LONDON (Reuters) - The Bank of England is set to leave its policy settings on hold on Thursday as the economy looks to have skirted recession although a shock slump in February factory output served as a reminder that the economy is not on a sound footing yet.
The British economy has not recovered fully from the 2007-2009 slump and a contraction in the final three months of last year, due in part to the escalating euro zone debt crisis, had stoked fears of a new recession.
A surprise 1 percent slump in manufacturing output in February, unveiled on Thursday, showed that the economy was still on shaky grounds, after a recent slew of more upbeat business surveys had indicated that a modest recovery was on track.
The central bank will announce its policy decision at 1100 GMT, and all economists polled by Reuters predicted that the bank would leave interest rates and the target for its asset purchases unchanged, after it committed in February to buy 50 billion pounds ($80 billion) more of gilts.
The pound, which has risen in recent weeks as the prospect for further quantitative easing by the Bank of England (BoE) dwindled, dipped against the dollar on Thursday after the factory output data.
Most economists, however, hold the view that the BoE will not expand its quantitative easing program this year, and the recent output figures did little to change that.
"If I were on the MPC, I'd be more worried about whether inflation is coming back (down) as quickly as I thought," Tom Vosa from National Australia Bank said.
The Bank of England, along with the government, is forecasting that falling inflation will bring some relief to hard-pressed consumers and allow for more consumption.
But a recent spike in oil prices and rising food prices caused by a lack of rain in parts of England raised fears that British inflation will not fall towards the BoE's 2 percent target as fast as policymakers hope.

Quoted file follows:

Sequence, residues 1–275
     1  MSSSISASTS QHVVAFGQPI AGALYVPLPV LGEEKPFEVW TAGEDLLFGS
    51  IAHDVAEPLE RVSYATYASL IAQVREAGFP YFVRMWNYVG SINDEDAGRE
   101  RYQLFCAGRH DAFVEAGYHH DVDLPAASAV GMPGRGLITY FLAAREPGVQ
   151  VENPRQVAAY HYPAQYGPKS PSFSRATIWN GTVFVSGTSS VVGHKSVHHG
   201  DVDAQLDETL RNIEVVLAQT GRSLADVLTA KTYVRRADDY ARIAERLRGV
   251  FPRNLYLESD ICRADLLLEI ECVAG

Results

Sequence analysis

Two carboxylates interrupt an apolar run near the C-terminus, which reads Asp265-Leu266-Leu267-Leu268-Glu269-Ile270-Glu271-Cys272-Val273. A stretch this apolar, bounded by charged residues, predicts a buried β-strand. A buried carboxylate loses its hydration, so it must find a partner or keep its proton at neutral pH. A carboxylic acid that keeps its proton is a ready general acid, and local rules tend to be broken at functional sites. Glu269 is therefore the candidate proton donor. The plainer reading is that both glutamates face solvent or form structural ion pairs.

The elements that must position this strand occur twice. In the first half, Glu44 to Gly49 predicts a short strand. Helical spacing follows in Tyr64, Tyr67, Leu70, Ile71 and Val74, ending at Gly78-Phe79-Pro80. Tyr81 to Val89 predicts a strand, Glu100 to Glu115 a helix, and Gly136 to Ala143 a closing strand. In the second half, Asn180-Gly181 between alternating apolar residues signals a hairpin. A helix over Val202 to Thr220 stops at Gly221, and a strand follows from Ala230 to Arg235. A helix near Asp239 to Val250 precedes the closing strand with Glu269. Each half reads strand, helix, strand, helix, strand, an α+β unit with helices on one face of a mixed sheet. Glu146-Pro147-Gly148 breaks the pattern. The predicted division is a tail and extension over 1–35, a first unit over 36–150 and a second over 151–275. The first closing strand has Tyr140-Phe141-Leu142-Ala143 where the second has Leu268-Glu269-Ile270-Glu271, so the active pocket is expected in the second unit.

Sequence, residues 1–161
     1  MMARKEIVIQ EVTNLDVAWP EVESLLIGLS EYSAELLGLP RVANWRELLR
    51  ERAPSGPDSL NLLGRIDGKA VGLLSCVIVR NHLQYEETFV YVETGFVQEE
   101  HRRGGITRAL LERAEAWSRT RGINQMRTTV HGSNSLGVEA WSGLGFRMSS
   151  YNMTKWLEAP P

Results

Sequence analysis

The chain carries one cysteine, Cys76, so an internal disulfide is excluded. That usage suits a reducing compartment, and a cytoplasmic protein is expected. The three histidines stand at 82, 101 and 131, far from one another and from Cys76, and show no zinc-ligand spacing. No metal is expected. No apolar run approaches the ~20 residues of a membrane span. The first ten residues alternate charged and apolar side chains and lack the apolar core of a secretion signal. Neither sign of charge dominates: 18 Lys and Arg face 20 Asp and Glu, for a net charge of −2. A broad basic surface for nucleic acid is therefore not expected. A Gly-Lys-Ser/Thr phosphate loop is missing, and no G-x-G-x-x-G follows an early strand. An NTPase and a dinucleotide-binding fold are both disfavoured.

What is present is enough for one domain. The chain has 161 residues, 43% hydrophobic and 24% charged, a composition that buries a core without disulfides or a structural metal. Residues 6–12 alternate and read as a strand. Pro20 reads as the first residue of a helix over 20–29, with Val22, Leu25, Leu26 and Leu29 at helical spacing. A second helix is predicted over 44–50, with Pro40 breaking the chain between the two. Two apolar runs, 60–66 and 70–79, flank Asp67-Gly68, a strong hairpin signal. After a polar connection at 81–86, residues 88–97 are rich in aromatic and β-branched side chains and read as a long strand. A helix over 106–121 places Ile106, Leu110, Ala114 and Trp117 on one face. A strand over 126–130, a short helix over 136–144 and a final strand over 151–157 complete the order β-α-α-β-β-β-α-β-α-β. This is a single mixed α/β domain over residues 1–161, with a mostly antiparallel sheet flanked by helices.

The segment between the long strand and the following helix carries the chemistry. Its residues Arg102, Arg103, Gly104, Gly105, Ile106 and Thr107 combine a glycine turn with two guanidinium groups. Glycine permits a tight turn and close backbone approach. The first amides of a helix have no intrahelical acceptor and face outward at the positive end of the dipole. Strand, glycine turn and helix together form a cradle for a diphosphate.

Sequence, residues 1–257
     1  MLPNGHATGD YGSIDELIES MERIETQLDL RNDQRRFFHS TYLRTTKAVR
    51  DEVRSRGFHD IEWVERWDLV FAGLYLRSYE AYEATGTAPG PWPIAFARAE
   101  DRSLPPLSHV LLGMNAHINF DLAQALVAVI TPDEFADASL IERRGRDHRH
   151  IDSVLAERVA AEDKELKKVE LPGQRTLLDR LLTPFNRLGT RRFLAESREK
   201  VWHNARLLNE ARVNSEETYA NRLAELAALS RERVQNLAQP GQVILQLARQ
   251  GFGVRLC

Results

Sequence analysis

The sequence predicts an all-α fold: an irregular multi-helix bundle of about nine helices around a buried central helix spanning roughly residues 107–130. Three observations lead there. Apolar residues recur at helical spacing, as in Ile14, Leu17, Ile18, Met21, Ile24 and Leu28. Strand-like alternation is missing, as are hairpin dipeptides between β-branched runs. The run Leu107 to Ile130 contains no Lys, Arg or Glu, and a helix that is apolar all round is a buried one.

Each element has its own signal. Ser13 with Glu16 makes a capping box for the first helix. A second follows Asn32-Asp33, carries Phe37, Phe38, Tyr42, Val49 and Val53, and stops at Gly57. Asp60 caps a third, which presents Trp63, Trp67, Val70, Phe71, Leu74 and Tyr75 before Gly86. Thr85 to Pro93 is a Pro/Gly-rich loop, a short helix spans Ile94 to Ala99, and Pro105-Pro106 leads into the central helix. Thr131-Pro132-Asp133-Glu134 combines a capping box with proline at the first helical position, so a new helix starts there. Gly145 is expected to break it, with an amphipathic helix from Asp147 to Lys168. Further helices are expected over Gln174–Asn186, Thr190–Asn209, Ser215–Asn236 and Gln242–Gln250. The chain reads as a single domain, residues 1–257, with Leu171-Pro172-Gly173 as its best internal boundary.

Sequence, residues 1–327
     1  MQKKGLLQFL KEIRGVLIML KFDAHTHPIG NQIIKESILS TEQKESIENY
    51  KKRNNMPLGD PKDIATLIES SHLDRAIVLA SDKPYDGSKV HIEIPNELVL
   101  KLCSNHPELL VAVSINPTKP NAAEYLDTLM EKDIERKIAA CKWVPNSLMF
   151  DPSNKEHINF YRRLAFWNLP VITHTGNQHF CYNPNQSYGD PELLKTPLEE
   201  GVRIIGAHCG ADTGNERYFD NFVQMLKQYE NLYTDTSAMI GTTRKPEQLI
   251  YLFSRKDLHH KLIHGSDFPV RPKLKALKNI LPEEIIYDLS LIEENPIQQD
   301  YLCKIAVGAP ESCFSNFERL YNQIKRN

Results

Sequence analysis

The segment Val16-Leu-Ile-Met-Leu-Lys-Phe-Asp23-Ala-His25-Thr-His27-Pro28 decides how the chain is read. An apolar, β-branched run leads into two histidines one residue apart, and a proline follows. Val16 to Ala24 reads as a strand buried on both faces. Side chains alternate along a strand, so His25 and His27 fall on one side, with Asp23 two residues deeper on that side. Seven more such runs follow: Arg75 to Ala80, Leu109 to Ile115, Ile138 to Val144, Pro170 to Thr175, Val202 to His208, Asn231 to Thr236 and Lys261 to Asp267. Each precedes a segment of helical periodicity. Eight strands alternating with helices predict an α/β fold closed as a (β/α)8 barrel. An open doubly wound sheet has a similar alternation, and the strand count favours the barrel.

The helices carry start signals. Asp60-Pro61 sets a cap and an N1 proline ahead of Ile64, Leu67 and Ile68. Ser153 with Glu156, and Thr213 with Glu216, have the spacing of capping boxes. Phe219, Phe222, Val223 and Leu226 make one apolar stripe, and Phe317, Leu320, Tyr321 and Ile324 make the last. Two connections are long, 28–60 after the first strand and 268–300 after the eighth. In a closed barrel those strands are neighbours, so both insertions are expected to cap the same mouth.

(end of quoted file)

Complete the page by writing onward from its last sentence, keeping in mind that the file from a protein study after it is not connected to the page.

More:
Economists said the economy should return to growth in the first three months of 2012 as the wider measure of industrial output grew in February thanks to increased energy production and the dominant service sector has also been improving.
In another encouraging sign that some consumers are confident enough to spend more, new car registrations rose by 1.8 percent in March, data showed on Thursday.
"Domestic demand for new cars is showing signs of recovery," said SMMT chief executive Paul Everitt.
Consumers have taken a hammering from a combination of the government's tough austerity measures to reduce a hefty budget deficit, rising prices that have outpaced wage growth, and the relatively higher cost of credit from banks compared to previous years.
Even a minor technical recession - defined as two consecutive quarters of falling GDP - would come as a major blow to finance minister George Osborne, who defended his tough spending cuts in last month's budget.
The Conservative Party, the dominant partner in the governing coalition with the Liberal Democrats, has so far defended its lead in the polls when it comes to economic policy.
However, a poll showed on Thursday that Prime Minister David Cameron's approval rating has tumbled to its lowest level since he was elected two years ago, after two weeks in which policy gaffes and a funding scandal battered his Conservative Party.
With the government's hands tied by its pledge to erase the budget deficit in order to protect Britain's cherished top-notch credit rating, the onus to boost growth has been firmly on the Bank of England.
And a sizeable minority of economists still expect more stimulus from the BoE but not until May at the earliest, when its current asset buys are completed.
By then rate-setters will have also seen the first reading of Britain's first-quarter GDP and updated their growth and inflation forecasts.
Additional reporting by David Milliken; Editing by Hugh Lawson and Susan Fenton